GPS tags document curlew poaching in France


A new study has provided evidence of the timing and location of the illegal killing of Eurasian Curlews in France.

Eurasian Curlew has been declining across its global range in recent years and is now classified as Near Threatened. In order to better understand what is happening to Europe's curlews, as well as improve knowledge of its ecological requirements and the threats the birds face, several research teams have recently invested in the capture, colour-ringing and GPS-tracking of the species across the continent.

More than 100 birds have been equipped with GPS-tracking devices in recent years, providing precise information on the birds' locations. And, as the study shows, this data has proved highly valuable in identifying several poaching cases that occurred in coastal France in August 2022.

Eurasian Curlew is protected in Europe, yet proof of illegal killing in France in 2022 has been presented in the new study (Christopher Bell).

Eurasian Curlew breeds in grasslands or moorlands then migrates to traditional wintering sites, foraging on large estuaries and mudflats at low tide, flocking in coastal marshes at high tide. The European population is estimated at 212,000-292,000 pairs but is declining and the species is protected under EU law.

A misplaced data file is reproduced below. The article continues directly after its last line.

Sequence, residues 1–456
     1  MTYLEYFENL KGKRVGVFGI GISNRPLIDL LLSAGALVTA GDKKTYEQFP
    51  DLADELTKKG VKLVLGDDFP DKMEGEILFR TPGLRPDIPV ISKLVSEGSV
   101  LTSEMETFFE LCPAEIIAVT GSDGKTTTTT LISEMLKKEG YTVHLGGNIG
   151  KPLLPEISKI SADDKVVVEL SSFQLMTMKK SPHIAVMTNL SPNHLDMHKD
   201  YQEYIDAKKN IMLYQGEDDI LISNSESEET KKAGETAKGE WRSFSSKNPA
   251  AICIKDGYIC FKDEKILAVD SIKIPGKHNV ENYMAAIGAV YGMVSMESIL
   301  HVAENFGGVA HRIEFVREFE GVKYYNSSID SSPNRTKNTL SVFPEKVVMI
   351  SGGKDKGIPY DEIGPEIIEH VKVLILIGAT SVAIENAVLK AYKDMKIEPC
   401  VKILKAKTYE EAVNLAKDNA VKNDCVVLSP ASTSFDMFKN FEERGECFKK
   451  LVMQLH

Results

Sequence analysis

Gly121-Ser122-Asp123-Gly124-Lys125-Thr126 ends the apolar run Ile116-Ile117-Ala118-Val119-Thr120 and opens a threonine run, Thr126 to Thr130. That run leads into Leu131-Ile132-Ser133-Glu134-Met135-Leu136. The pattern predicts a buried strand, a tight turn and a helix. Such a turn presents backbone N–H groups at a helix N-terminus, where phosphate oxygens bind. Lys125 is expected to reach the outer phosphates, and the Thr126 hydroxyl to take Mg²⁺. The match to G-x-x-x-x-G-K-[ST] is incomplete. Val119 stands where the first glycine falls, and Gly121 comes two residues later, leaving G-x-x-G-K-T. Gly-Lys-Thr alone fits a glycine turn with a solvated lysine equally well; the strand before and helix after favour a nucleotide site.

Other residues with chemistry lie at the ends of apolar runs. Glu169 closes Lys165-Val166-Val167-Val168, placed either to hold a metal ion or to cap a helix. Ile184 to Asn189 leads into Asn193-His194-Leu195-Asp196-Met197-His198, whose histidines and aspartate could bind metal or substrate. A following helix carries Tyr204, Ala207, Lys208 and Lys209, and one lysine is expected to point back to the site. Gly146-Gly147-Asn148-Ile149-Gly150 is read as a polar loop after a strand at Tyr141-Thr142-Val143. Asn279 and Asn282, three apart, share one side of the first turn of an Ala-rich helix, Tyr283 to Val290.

Hunting of curlews had ended in all but one EU Member States by 2012, with Denmark, the UK and Ireland being the most recent nations to relinquish the right to shoot the species. Between 2012 and 2019, France remained the only European country to allow the hunting of curlews, with an approximate annual bag of 7,000 individuals. But, in summer 2020, an annual decree fixed the hunting quota to zero – something that has continued in subsequent years, effectively illegalising the hunting of the species in France since then.

Despite this, illegal killing of Eurasian Curlews continues in France. In total, the study presented evidence for the poaching of four different birds, these originating in Germany and Belgium. Three of the GPS tags provided tracks that ended up in a house, while the corpse of a fourth individual was retrieved in the field and an x-ray revealed the presence of ammunition in the bird's body as well as a broken wing.

For comparison, the researchers also presented data from GPS tags which were retrieved from other birds where the tag had either fallen off or the curlew had been naturally predated.

The team highlights that illegal hunting of Eurasian Curlew remains a problem which must be addressed. The hunting season commenced on 6 August 2022 and three of the four poached curlews were shot during its opening three days. The paper concluded: "We must recommend to improve education and awareness towards hunters concerning hunting bans and the potential deleterious effects of such an illegal shooting, intentional or not, on population dynamics of an endangered species."



Jiguet, F, Bocher, F, Bourgeois, A, & 14 others. 2023. Multi-sensor data loggers identify the location and timing in four poaching cases of the endangered Eurasian Curlew Numenius arquataForensic Science International: Animals and Environments. DOI: https://doi.org/10.1016/j.fsiae.2023.100069

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